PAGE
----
A Palm Beach County resident was sentenced to 24 months in prison for evading taxes and hiding funds in offshore accounts, bankrolling his lavish lifestyle that included buying a $1.6 million Lake Worth Beach mansion.
Dusko Bruer, who owned and ran the profitable farming equipment company American Made Equipment, did not report $7.7 million in income from 2007 to 2014 and secretly stashed nearly $6.3 million in Swiss, German, Serbian and Croatian banks, prosecutors said in court filings. He did not file tax returns and also filed false tax forms, evading payment of nearly $2.8 million to the Internal Revenue Service.
Federal Judge Kenneth Marra sentenced Bruer on Friday, also imposing two years of supervised release and payment of owed taxes.
Bruer was charged in January 2020 with attempting to evade taxes and failure to report foreign bank or financial accounts. He pleaded guilty to both charges the following April.
The verdict is a reduction of the 10 years imprisonment and six years supervised release Bruer faced prior to his guilty plea.
Bruer’s attorney, Joel Hirschhorn, said he fought for probation and special conditions, while federal prosecutors insisted on a 57-month sentence. “The judge didn’t quite cut the baby in half, but he cut it in more than half,” said Hirschhorn, a GrayRobinson shareholder.
Bruer admitted in court filings that he transferred money from an account with Swiss bank Clariden Leu — which has since merged with Credit Suisse — by telling the bank the money was a loan to a family member. Instead, he bought the 3,200-square-foot Lake Worth Beach house for his then-girlfriend.
Records show Kathryn Stieh bought the three-bedroom house with 100 feet of frontage on the Intracoastal Waterway in August 2011. The home was built in 1962. Stieh transferred ownership to Bruer and herself in 2013. In 2015, the title reverted back to Stieh as the sole owner.
Hirschhorn said he has seen no indication the government will go after the property in either a forfeiture or tax lien.
In some of his other lavish spending, Bruer covered $21,000 in fees for a New York condominium unit owned by a family member, and paid $255,000 for property in Serbia, he admitted in court filings.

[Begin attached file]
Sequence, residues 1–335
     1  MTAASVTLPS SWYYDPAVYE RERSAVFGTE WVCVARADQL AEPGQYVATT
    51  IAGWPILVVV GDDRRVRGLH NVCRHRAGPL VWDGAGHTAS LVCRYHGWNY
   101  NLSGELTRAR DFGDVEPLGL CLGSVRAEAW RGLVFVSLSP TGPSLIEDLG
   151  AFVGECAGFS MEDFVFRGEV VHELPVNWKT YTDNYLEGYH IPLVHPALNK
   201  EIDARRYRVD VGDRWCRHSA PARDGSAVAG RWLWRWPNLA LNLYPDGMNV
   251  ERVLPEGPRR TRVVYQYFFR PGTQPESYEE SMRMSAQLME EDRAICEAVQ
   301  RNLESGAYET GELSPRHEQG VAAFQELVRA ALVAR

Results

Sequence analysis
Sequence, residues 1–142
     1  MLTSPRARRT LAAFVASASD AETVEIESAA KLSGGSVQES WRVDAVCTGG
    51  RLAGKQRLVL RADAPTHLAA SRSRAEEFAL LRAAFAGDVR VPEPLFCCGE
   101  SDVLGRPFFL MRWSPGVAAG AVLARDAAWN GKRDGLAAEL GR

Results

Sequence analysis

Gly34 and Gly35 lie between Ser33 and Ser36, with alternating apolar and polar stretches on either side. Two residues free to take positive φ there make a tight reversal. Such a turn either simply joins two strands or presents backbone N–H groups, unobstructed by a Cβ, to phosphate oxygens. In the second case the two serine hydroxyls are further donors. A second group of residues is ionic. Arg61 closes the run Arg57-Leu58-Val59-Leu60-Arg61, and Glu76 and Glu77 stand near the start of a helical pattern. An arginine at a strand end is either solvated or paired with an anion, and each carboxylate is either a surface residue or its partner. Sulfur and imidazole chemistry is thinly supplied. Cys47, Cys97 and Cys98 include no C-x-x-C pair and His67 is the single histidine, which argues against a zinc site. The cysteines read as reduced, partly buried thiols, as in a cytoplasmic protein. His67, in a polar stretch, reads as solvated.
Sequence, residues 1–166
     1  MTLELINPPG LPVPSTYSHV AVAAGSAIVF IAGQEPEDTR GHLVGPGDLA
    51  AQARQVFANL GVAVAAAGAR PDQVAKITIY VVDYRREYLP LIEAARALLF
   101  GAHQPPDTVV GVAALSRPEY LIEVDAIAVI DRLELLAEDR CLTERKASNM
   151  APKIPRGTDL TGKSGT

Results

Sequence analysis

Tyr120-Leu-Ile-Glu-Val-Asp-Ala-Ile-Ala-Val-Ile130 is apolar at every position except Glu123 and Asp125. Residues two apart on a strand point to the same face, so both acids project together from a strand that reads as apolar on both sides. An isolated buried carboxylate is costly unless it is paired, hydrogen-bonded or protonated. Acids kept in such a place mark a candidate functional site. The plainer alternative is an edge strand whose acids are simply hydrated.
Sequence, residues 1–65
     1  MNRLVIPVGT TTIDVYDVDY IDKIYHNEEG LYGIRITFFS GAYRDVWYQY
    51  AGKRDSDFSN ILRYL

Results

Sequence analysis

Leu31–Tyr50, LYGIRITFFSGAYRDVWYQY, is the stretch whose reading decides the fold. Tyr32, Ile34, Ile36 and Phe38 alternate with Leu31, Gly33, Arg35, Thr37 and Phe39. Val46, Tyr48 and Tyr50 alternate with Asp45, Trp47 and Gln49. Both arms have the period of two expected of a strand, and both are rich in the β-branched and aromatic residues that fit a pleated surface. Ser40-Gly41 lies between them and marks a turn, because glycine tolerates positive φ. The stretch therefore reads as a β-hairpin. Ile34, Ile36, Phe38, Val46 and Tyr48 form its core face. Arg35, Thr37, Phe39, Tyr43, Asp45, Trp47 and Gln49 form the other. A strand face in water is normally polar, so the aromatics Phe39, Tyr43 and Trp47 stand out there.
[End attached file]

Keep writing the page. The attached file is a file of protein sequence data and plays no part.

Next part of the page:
Prosecutors’ filings also say Bruer spent $370,000 to buy, register, dock and service a 54-foot yacht, and paid $1.4 million for a 90-foot yacht.
Although Bruer “skimmed” funds from his business and secretly stashed it offshore, it is important to note this was legally earned income, Hirschhorn said. “This was not drug money or money earned by defrauding people,” he added.
Hirschhorn called Bruer a sharp businessman who is extremely remorseful and in part fell victim to “tragic” circumstances. Bruer had moved to the U.S. as a youth from his native Croatia after his mother’s death and father’s severe injury from a car accident. He faced other downturns, including a divorce that threw him into depression. “He decided to self-medicate through a playboy lifestyle, which never works,” Hirschhorn said. “While none of this is an excuse, it’s an explanation.”
This is not the first time South Florida real estate is linked to criminal charges, although other cases allege funds were illicitly obtained.
A unit at Sunny Isles Beach’s Porsche Design Tower was used as payment to one of the money launderers charged in 2018 in a $1.2 billion scheme to embezzle from Venezuela’s state-owned oil company PDVSA, prosecutors charged.
Authorities also last summer sought to seize a penthouse at a downtown Miami condominium tower at 900 Biscayne Boulevard that allegedly was purchased by the Republic of the Congo’s president’s son with funds taken from the state-owned oil company, according to a civil forfeiture complaint.